So you want to build a new council website, but why? What's wrong with your current one?simon gray — 2023-09-28, 18:25:55
The public sector digital legend that is Dave Briggs has recently started a collaborative project, the New Council Website Playboard - a shared generic high level plan for councils to use as a starting point for their own website redevelopment projects.
One of the cards I've added to it is 'Carry out an Irritations Audit'.
What does this mean? Well, pour yourself a drink and get a biscuit and I'll tell you.
If you're wanting to rebuild, redesign, re-whatever your council website, then there's obviously something wrong with the existing one. In my experience, what people feel is wrong with it boils down to one of two things (or sometimes both) - either the technology that makes the website happen, the web Content Management System, or the content itself. This analysis of what might be called the Problem Statement often ends there - 'our CMS is old now' or 'our site is too hard to navigate'. Teams might dig a little deeper and do something of a content audit to decide what pages are no longer relevant (or outdated, or trivial...), or they might have concluded there's no way the existing CMS can be adapted to deliver pages meeting modern accessibility requirements, but often the statement (which may be explicitly written or it may simply be a shared understanding) doesn't go into any further detail.
Given the number of council websites which in some shape or form have been redesigned in the last five years, you'ld think by now there would be a critical mass of best in class council websites which are delivering services so good the citizens prefer to use them. Since it was roughly five years ago that the phrase 'fix the plumbing' became in vogue, you'ld think by now fatbergs would be a distant memory in the world of public sector digital services. I'm not going to say there aren't some pretty decent council websites out there, but those pretty decent council websites I think are the exception rather than the norm.
Is it possible in our sector we haven't paid enough attention to what's actually wrong with the sites we want to replace? Indeed, is it possible there are other factors which might have been the cause of your problematic website other than just the content and the CMS, which by not addressing them from the outset means your new site is, shall we say, a disappointment when it goes live?
Whence my suggestion to at the early stages of the process of commissioning a new website to perform a full, and frank, and detailed irritations audit.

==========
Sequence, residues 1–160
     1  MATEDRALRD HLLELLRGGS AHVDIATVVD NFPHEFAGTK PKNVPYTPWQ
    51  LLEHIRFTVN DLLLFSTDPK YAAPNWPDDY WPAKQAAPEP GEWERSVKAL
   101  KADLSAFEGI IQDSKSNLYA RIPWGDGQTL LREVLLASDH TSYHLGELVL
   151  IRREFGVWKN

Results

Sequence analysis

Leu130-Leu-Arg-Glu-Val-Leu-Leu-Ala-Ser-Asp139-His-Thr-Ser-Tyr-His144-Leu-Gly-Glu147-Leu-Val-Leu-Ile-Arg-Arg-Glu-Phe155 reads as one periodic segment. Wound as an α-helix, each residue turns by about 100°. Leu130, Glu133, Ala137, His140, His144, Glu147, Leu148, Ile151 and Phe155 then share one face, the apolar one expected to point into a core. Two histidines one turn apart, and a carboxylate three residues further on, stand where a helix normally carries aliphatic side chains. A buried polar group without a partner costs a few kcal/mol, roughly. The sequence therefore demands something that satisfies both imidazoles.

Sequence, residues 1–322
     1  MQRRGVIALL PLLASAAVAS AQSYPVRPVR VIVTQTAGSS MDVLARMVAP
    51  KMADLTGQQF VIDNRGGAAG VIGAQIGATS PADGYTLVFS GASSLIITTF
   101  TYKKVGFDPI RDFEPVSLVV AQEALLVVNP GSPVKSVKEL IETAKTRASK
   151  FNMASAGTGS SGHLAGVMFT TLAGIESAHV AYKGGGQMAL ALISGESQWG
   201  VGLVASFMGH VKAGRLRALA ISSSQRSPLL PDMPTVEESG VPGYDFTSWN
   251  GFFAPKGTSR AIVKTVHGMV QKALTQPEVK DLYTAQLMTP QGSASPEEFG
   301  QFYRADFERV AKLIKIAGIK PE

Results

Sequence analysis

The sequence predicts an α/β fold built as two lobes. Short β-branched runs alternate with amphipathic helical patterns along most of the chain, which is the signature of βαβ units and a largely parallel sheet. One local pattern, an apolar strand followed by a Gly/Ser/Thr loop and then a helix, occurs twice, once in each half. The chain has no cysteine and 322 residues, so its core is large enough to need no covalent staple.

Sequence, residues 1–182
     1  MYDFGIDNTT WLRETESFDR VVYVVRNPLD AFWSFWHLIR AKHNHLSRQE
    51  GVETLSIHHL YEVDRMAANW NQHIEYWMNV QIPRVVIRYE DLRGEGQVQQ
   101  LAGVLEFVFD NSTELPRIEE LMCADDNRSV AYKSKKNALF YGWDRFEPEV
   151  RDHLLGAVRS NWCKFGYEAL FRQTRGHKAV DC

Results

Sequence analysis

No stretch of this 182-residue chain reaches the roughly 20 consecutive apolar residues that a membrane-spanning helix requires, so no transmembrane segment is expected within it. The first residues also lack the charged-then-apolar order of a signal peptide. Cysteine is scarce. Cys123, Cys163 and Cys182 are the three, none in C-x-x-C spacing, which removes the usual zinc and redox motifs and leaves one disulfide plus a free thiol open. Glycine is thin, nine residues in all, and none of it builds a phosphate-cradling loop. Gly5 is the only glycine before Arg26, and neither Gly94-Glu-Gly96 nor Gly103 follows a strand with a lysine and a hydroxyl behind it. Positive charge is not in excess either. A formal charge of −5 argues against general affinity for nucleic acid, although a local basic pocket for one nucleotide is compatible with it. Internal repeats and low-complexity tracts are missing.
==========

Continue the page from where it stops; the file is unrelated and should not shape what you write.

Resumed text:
What irritates you about your current
- information architecture
- content itself
- user journeys beyond the information architecture
- governance policies
- process of commissioning, creating, and updating content
- team and management (people and product) structure
- relationships with service areas providing you with facts to turn into content
- relationships with the (rest of the) IT function in your organisation
- attitudes of senior and corporate leaders and managers to the digital service
- other departmental policies which don't dictate how you work, but interact and interfere with how you work
- technolog[y|ies] - the CMS, the forms engine, the CRM system, any other systems those technologies integrate with
Be systematic about documenting all of this, and don't consider any irritation which anybody on your project team (which of course will be wider than just the core digital team itself, won't it?) to be too small or insignificant to document. Maybe even document everything in an Excel document!
Inevitably you'll end up wanting to group similar things into themes. There is nothing inherently wrong with that, and when it come to creating an action plan to resolve them it may be the only way you can do it, but resist the temptation, or rather the pressure, to lose the detail when you create those themes - too often I've been in workshops where what's happened is one important piece of insight has been combined into another important piece of insight, and the actual insight from both has been lost in a title that by the time everybody comes to look at the work again, nobody can remember what the thing being documented actually was!
So indeed, once you've created your initial Irritations Audit, build the action plan for resolving those irritations into your overall project plan for the new site. Track progress as part of the overall plan, ensure nothing important gets brushed aside as being too difficult to solve, and carry the process of keeping on top of those irritations through into your new site once it's live.
And with a bit of luck, if you go live with a new site that you've solve all the problems of the previous one, rather than just the obvious ones, you might end up with a best in class website which has not only fixed the plumbing, is also delivering online services so good people prefer to use them, and indeed makes my friend who went 'wow' at a certain council website which she didn't realise wan't actually the council website which started me off on this whole Manifesto project, go 'wow'.